"Plato, for instance in the Phaedo or in the Timaeus, suggests a view which would explain the state Socrates seems to presuppose, namely a state in which in some sense we confusedly already know the right answers to the important questions. On this view, when reason or the soul, which pre-exists, enters the body upon birth, it does so already disposing of the knowledge of the Forms, though it gets confused by its union with the body, a confusion it only recovers from to some degree mainly through sustained philosophical effort, recollecting the truths it had known before entering the body. But it is only when it is released from the body, freed from the disturbances involved in its union with the body, and free to pursue its own concerns, rather than having to concern itself with the needs of the body, or other concerns it only has made its own, that it again has unhindered access to the truth" (Michael Frede, "Introduction," 10. Rationality in Greek Thought (Oxford University Press, 1996), 1-28).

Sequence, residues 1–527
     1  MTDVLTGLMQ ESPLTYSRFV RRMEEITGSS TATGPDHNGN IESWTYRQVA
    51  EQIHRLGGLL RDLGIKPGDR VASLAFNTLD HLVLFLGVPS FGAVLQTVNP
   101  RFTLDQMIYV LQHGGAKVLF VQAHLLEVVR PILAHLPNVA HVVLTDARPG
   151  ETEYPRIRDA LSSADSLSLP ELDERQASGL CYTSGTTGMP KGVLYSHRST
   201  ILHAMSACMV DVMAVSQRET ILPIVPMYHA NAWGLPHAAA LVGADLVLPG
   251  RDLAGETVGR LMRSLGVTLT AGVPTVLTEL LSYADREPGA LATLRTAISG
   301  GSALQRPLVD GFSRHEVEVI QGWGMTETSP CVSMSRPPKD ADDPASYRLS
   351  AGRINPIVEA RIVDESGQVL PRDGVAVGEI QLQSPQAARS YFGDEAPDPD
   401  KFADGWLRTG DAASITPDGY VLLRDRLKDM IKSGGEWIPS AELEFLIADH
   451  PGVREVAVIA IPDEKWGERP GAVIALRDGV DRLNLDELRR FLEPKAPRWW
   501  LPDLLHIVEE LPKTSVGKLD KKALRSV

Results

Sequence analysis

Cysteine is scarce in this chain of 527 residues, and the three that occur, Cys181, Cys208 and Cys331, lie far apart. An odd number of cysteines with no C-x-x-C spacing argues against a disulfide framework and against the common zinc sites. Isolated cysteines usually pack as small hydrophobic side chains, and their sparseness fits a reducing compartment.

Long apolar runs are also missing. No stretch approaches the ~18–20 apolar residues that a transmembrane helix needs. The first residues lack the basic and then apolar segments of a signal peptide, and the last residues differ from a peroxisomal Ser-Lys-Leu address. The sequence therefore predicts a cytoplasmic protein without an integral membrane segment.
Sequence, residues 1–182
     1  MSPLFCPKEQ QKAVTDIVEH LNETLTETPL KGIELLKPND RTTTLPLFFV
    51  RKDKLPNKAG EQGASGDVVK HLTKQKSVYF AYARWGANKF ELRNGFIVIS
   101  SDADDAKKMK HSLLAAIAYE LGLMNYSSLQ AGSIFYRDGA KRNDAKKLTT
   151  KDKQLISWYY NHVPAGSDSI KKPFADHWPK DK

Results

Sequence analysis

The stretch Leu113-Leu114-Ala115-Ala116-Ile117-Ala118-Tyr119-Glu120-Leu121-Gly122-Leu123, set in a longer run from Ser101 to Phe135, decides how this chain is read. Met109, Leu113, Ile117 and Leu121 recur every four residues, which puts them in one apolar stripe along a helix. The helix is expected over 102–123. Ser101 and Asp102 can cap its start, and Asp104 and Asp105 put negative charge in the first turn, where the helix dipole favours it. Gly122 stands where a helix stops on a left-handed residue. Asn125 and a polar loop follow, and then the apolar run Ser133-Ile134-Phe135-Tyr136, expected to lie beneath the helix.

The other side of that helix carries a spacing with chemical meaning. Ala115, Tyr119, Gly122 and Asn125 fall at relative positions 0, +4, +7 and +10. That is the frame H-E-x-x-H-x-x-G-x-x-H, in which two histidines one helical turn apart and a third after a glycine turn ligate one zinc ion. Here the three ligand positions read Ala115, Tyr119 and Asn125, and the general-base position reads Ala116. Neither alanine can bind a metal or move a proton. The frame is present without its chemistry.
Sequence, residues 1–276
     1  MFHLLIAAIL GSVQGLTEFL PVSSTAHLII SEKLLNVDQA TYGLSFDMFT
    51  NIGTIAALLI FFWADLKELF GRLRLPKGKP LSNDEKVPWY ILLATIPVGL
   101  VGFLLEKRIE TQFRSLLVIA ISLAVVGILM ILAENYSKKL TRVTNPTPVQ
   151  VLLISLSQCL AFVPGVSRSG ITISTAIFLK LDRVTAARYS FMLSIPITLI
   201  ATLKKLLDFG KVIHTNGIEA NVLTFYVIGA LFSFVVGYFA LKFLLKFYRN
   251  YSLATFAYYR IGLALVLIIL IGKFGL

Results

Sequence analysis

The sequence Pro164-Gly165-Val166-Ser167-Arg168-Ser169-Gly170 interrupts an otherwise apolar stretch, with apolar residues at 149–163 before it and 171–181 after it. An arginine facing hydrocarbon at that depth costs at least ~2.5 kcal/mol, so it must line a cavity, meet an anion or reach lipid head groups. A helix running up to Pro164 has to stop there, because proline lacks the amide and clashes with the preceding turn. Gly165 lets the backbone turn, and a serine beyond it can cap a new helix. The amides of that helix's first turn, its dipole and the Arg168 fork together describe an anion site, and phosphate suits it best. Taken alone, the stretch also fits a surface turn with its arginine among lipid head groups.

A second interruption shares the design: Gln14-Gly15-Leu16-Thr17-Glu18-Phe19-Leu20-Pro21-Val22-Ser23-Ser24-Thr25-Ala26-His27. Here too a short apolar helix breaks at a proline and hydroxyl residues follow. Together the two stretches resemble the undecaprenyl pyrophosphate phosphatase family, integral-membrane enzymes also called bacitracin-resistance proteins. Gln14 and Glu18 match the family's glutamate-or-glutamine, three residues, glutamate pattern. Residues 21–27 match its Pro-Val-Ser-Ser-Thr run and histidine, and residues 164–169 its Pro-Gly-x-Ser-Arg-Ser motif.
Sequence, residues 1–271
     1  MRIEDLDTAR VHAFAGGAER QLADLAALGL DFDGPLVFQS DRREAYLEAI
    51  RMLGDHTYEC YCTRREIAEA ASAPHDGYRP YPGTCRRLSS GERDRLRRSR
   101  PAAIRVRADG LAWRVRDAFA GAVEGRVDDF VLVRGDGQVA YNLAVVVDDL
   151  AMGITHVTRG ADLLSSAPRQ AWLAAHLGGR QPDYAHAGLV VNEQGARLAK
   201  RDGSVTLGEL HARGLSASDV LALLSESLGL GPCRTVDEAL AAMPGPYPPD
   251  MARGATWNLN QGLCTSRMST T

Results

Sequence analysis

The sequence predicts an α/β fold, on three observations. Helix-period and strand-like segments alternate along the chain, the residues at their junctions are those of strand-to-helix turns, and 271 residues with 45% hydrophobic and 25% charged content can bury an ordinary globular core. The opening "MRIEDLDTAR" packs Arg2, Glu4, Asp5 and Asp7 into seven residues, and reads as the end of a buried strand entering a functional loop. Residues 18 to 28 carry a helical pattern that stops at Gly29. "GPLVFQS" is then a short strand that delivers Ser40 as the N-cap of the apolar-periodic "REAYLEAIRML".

"[R]eason, in the first instance, is not conceived of as an ability to reason, to argue, to make inferences from what we perceive; it rather, in the first instance, is conceived of as being a matter of having a certain basic knowledge about the world, which then can serve as the starting point for inferences. ... Thus, to be rational is not solely, and not even primarily, a matter of being able to reason, to make inferences; it, to begin with, is a matter of having the appropriate knowledge about the world. Correspondingly, the perfection of reason does not consist primarily in one's becoming better and better in one's ability to reason correctly; to be perfectly rational rather is to be wise..., and this involves, first of all, an articulate understanding of, or knowledge about, the world" (Michael Frede, "The Stoic Conception of Reason," 54. Hellenistic Philosophy: Volume II, edited by K.J. Boudouris (Athens), 50-63).